CATHOLIC VALUES COLUMNIST
Franciscan University of Steubenville’s newest professor of sacred music believes each person plays a unique part in the story of creation.
“Being a Benedictine monk, we tend to take a comprehensive view on things, that everything has a place,” said the Rev. Stephen Concordia, OSB. “We all specialize in something, but there’s always an attention to see all of creation as blessed and good.”
Concordia, a Benedictine priest of St. Vincent Archabbey in Latrobe, Pennsylvania, plays his part as a member of the university’s sacred music program, filling the vacancy in August left by Professor Nicholas Will, on leave to become director of liturgical music at the Pontifical North American College in Rome.
Growing up in Massachusetts during the Second Vatican Council, Concordia was introduced to sacred music early in life. From the age of 7 until high school, he was a choir boy for St. Paul Cathedral of the Diocese of Worcester.
“We would sing for High Mass every Sunday, except during the summer,” Concordia said, “and for big solemnities like Easter and Christmas. We would sing at a different parish every week, all over the diocese.”
Concordia said that while most of the changes of Vatican II flew over his little boy’s head – “I was living in the new; it was all I’d experienced” – a vocation was sparked inside of him during Mass.
“The choir was moved closer to the sanctuary,” he said, “and I felt more drawn into the Mass than ever before. It was all right there in front of me, and I think that’s where I first felt a call to the priesthood.”
That vocation would be put on hold, however, as Concordia entered high school and college during the tumultuous 1970s. At a time when he was struggling to find a spiritual focus in his life, Concordia picked up the piano in high school and attended the New England Conservatory of Music in Boston, where he studied piano and music theory and finished with a master’s degree in 1983.
Concordia spent the next few years scraping by before becoming a teacher at a community music school in New Haven, Connecticut. It was about this time that he found himself interacting with the local Benedictine abbey, an experience that brought back the faith of his youth.
He became an oblate – a lay person who follows the Rule of St. Benedict in his or her everyday life – and gathered with the 30 other oblates once a month to work on the monastery land and learn more about the Benedictine life.
“Vatican II opened new possibilities for monasteries and religious communities and allowed a time of experimentation to see how we could get … back to the spirit of St. Benedict and how to live an ancient spirituality in the modern world,” he said. “I found that the Benedictine life was going to give me a deeper orientation for who I was and what I wanted to do.”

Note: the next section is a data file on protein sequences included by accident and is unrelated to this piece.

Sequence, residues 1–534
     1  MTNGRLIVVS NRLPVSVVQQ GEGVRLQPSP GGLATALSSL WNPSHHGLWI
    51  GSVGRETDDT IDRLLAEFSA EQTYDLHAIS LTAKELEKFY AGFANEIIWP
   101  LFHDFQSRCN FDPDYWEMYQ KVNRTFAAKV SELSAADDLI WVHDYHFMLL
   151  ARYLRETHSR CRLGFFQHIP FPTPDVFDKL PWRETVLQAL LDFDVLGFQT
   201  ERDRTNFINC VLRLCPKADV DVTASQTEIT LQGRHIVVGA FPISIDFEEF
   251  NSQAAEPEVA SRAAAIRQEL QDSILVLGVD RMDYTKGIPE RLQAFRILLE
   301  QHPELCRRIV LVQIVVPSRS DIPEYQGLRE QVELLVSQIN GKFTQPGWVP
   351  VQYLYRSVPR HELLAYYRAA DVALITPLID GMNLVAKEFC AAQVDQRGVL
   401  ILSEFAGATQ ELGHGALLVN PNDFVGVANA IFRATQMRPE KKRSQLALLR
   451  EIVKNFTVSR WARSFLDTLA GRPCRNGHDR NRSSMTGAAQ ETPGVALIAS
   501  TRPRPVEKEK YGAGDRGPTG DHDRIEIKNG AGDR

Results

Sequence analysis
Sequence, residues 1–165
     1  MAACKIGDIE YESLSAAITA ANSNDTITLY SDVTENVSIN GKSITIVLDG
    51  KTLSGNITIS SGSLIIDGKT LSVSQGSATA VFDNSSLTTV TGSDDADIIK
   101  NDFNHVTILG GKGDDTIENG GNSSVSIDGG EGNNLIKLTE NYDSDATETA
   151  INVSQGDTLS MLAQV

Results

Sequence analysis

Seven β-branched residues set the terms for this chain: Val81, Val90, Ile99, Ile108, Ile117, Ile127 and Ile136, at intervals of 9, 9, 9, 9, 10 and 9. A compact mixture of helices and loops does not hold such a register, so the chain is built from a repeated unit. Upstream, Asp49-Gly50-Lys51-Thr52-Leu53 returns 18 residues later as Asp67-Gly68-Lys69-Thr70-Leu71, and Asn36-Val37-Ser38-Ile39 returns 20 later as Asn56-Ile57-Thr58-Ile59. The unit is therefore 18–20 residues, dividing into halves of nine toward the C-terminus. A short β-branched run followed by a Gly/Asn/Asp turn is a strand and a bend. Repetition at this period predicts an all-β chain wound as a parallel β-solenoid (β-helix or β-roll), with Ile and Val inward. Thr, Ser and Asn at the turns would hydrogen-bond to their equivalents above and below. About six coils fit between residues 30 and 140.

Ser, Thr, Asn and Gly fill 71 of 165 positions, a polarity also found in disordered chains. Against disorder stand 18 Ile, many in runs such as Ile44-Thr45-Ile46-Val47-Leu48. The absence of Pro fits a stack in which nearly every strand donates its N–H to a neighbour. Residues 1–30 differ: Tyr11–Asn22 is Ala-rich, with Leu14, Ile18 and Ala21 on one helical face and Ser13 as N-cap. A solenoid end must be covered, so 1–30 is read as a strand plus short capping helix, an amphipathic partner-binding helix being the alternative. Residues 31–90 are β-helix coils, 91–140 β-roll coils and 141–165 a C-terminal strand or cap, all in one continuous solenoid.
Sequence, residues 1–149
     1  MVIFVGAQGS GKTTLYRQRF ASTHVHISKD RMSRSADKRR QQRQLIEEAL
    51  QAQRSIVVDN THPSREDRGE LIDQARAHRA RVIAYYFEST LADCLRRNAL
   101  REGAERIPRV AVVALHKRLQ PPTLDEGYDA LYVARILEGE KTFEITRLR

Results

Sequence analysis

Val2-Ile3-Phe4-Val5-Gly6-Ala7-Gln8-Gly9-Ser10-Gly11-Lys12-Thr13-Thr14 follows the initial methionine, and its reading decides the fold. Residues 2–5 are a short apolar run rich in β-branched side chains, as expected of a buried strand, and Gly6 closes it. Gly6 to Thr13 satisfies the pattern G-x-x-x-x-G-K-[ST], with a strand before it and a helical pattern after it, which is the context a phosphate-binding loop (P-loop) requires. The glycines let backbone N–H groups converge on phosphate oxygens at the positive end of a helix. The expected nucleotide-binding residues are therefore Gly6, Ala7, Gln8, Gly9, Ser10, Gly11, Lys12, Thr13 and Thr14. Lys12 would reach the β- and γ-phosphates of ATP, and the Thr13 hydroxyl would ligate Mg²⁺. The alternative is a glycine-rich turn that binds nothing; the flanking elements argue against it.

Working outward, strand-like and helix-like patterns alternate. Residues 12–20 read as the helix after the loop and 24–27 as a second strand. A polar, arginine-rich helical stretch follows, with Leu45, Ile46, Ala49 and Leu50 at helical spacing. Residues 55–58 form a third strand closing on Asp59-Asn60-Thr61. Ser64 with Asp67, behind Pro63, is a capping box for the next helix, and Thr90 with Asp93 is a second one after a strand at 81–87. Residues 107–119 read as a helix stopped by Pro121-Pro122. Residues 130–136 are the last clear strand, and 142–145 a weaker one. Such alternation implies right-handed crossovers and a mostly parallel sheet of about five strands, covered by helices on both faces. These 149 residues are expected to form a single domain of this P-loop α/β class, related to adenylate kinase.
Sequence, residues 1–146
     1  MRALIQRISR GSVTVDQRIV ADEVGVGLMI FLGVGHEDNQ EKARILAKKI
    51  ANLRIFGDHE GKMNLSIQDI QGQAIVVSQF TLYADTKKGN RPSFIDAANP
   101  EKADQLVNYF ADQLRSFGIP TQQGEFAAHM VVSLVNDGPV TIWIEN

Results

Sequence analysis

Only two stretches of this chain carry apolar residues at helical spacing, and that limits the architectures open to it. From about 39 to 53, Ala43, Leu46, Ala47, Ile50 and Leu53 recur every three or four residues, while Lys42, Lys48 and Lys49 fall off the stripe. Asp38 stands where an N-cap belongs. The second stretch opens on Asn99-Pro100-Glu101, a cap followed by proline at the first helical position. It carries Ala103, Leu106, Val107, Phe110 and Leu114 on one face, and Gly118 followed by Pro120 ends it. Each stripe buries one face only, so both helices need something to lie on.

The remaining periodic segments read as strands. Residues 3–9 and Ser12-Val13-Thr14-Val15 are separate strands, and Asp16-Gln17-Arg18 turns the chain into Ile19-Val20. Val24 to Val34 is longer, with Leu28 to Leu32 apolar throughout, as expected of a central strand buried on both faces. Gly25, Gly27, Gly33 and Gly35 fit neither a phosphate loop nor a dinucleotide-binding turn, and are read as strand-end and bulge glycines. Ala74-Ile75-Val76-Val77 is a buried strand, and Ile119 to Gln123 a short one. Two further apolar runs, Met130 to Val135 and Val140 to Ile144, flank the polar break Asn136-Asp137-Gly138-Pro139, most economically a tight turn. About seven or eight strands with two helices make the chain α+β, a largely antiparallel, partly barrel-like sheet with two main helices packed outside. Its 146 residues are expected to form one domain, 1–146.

Concordia felt a call to enter the order more fully, but his spiritual director told him he wasn’t ready yet. After five years as an oblate and seeing two of his fellow oblates join Benedictine communities in Italy, Concordia finally got the green light, entering the Italian Abbey of Montecassino in 1989 as a postulant.
Sent by his community to study in Rome, Concordia rekindled his love for sacred music and earned licentiates in organ and Gregorian chant from the Pontifical Institute of Sacred Music. He had observed how Vatican II’s teachings on sacred music had been ignored and saw his studies as having a new purpose of bringing back the beauty of music in the liturgy.
“The parish music when I was in college really pushed me away from the Church,” he said. “When I came to the Benedictines, they were singing chant every day, and that’s where I got locked into something I knew I wanted to do.”
Ordained a priest in 1995, Concordia spent 12 years in Italy and founded a boys’ choir as part of his ministry. But as his parents were getting older, Concordia asked to have his vows transferred to the United States and arrived at St. Vincent’s in 2008, where he has been since.
He taught music at the abbey’s St. Vincent College, leading the St. Vincent Camerata choir, and met Will through their work with their respective school choirs. When he heard that Will would be taking a leave of absence from Franciscan, Concordia offered to take his spot and began teaching at Franciscan in the fall 2018 semester.
“I think the sacred music program here is wonderful,” Concordia said. “It’s exactly the kind of program that Vatican II asked of Catholic institutions of higher learning. The Church has this devotion of sacred music and it’s our responsibility to own it and care for it. That’s what I see this program doing.”
Concordia has also stepped in to lead the university’s liturgical choir, the Schola Cantorum Franciscana, and hopes to increase its presence on campus.
“There’s a lot of new music that could work in the liturgy to capture something of the past and something of the present,” Concordia said. “I’ve spoken to a few members of the Schola about the possibility of singing at a weekly Sunday Mass, and that’s something that I would like to pursue.”
Not knowing how long until Will’s leave concludes, Concordia is looking forward to his time at Franciscan and teaching here for however long he remains.
“I feel really blessed to be here,” he said, “and I hope I can help this program into the future.”